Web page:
Wednesday, February 24, 2016

Did you see the latest study...

So lots of people are always asking me things about the latest study they just read about in the news. Did you see that people who work out are smarter? There's another article about how meat causes cancer, did you see that? What about the latest report where they said the paleo diet will kill you?

My response is usually two fold: I roll my eyes and then begin with "Well how it really works is..." [In grad school, I killed a lot of parties by using that quote. It's hard for a physicist to not tell people how things really work.] I'm not really good at explaining why the latest study is wrong, but it usually falls into a couple of categories and I try to explain what would typically be wrong with a study. It usually goes over as well as my explanations in grad school went.

I came across this great article yesterday that actually picked apart one study as a case study in why you can never trust the "science" that's reported in the news.

So here's the headline: Diabetes expert warns paleo diet is dangerous and increases weight gain.

Well that sounds pretty scary, especially since I'm an incredibly strong advocate for a paleo approach to nutrition.

But it's all wrong and stupid. Here's the whole take down, and I think you should read it. Below is my meta-summary:

The conclusion of the study is "a low-carbohydrate, high-fat diet for just eight weeks can lead to rapid weight gain and health complications".

How did they come to that conclusion: they took a special breed of mouse that is genetically selected to be an obese mouse. One group of mice is fed a high carb, low fat, low protein diet of mouse chow, the other group gets low carb, high fat, high protein. That fine so far, granted this a mouse study and they're special mice that are designed to be obese.

Now here's where it gets weird, they actually classify the high carb, low fat, low protein diet as the "paleo diet" and the other as the control. Now there's nothing that says paleo diets are low carb, high fat, but go back and read the conclusion of the study, and the headline. They are equating paleo with low carb, high fat, but in the study the "paleo" mice get the high carb, low fat.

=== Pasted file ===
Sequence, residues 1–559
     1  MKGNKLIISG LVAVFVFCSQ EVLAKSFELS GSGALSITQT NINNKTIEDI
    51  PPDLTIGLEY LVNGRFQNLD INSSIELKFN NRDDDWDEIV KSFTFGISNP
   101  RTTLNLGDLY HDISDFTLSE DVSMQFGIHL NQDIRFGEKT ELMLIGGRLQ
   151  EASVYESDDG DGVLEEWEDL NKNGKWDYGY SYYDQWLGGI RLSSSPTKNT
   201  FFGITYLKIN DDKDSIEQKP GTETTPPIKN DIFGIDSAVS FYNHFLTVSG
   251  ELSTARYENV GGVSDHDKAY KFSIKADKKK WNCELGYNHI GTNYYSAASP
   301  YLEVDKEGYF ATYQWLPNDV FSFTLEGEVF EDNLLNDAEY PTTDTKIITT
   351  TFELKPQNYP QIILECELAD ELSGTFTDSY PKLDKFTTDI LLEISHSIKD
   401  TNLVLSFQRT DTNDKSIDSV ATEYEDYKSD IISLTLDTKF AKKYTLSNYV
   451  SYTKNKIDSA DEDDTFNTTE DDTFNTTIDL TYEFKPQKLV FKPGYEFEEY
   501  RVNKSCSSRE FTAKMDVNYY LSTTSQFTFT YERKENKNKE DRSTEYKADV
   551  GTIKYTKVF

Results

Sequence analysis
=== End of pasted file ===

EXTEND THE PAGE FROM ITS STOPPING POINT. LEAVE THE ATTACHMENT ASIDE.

So what do we get? "Paleo" mice from a breed designed to get obese are overfed and they get fat. Somehow they come to the conclusion that free-eating humans are going to get diabetes from a paleo diet. Why? Look at the funding, it's funded by folks who have a vested interest in medication rather than sensible diet solving illness.

I can't do the whole take down justice in a short blog post, you really should read it.

What really makes me mad is that crap (at best), intentionally deceptive (at worst) science is then reported poorly in the media. This happens over and over again and makes my job harder since no one will believe me because I disagree with the "experts".
strength - add weight from last time (more info) 

deadlift 2x5 


3 rounds of 

1 min - deadlift (~50% of 1RM)
1 min - push press (~50% of 1RM)
1 min - row
1 min - wall ball
1 min - carry
1 min - rest

Keep moving but always be going slow enough that you could keep up a conversation. Don't stop and rest, but don't get out of breath. This is a long, low, and slow workout.